The function of the blood in animals

   All animals need to get food and oxygen to their tissues and to have waste products carried away. In one-celled creatures this is quite simple. The substances they need dissolve in water and pass in through their thin covering membrane. Substances they need to get rid of seep out.

   The contents of the cell flow around in circles to distribute the chemicals within the cell. Larger, more complicated animals like earthworms, snails, crabs, insects and vertebrates, however, need a transport system to carry chemicals around their bodies.

   The blood in these animals usually has a liquid plasma and a few cells. Usually the cells are rather like amebas. They have no special shape, and move by flowing.

To eat, they send out arms to surround a particle and take it in. This method of eating by surrounding a particle is called 'phagocytosis'. Phagocytic cells remove unwanted particles from the blood and carry food around the animal.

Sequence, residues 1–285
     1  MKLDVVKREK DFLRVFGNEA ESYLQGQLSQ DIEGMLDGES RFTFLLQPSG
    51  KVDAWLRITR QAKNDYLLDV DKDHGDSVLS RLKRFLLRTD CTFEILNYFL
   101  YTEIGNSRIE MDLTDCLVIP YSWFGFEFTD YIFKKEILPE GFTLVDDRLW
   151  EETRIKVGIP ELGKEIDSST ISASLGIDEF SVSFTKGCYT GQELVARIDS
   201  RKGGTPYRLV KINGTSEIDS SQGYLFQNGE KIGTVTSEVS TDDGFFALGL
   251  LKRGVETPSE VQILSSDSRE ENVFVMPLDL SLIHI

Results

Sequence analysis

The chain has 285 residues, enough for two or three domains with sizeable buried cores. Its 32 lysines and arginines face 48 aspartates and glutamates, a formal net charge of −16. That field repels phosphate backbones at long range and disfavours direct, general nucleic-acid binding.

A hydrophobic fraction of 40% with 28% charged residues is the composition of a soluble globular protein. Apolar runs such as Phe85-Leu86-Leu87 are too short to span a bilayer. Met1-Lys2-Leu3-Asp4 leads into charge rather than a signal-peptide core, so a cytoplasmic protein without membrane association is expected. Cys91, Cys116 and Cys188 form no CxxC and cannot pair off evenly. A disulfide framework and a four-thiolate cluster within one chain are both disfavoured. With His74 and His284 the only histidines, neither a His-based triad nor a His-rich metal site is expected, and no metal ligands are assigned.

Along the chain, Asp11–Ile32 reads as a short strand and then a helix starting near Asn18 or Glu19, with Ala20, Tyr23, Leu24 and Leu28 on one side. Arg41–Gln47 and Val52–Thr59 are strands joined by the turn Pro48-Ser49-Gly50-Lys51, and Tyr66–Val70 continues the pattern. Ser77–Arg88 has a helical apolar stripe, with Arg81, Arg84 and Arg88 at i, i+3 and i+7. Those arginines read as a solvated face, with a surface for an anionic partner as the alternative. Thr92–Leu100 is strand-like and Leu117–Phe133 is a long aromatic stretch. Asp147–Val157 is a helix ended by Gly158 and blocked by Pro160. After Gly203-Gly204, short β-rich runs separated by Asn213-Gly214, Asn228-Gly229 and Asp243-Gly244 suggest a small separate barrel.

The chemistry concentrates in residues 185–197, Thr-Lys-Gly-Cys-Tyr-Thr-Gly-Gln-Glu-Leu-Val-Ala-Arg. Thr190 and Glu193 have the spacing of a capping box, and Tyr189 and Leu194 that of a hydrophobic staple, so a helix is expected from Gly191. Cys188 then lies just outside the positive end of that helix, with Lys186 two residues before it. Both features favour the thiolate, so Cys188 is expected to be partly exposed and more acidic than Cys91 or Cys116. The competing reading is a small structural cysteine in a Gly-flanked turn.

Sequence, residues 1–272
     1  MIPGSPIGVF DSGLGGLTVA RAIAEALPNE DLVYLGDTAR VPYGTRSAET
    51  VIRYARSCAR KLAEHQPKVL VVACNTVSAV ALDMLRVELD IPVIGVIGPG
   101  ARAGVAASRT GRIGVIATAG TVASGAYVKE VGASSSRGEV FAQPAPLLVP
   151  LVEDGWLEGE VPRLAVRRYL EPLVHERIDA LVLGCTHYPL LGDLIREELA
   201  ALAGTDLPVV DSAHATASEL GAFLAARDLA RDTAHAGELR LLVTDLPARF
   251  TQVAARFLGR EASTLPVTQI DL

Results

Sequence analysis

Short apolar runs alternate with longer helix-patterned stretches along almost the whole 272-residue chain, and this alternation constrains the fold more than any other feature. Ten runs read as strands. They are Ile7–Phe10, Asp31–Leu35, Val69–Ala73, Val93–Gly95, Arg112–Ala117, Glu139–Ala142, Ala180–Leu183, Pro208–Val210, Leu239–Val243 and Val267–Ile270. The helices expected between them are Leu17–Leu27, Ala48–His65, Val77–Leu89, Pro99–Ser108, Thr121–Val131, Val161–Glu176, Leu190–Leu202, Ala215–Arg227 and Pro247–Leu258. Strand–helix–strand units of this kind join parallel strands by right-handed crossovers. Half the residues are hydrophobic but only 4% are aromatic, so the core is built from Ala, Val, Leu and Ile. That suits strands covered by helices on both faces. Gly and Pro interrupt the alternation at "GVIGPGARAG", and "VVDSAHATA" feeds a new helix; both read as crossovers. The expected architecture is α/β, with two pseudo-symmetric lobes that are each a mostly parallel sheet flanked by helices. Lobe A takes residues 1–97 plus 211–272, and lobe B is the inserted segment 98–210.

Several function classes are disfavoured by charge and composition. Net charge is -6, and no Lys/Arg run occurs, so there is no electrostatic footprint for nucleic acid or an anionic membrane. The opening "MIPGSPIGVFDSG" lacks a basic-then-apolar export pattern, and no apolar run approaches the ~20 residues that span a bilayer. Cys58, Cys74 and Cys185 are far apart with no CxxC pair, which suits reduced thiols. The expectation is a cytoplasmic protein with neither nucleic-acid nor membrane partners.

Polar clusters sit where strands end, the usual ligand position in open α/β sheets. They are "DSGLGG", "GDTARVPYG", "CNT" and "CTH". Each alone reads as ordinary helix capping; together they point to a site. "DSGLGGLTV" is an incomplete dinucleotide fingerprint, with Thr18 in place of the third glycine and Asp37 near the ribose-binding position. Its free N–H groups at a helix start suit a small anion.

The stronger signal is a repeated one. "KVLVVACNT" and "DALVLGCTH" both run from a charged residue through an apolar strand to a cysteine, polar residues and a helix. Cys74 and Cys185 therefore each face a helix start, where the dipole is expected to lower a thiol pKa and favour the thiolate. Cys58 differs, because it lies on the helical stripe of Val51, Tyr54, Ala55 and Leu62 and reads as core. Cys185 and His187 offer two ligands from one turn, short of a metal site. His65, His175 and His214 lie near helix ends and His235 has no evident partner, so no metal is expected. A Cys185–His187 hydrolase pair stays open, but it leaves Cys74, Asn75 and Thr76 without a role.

All vertebrate animals from fish and salamanders up to mammals and people have blood that contains three types of cells floating in the liquid plasma. These are white blood cells, red blood cells, and tiny cells called platelets. The platelets clot the blood so that it does not all run out when a blood vessel is cut. The red blood cells of vertebrate animals contain the coloured chemical (pigment) hemoglobin, which carries oxygen from the gills or lungs to the tissues. Hemoglobin contains iron and gives blood its red colour. Some invertebrate animals transport oxygen by the pigment hemocyanin. This contains copper instead of iron and is blue.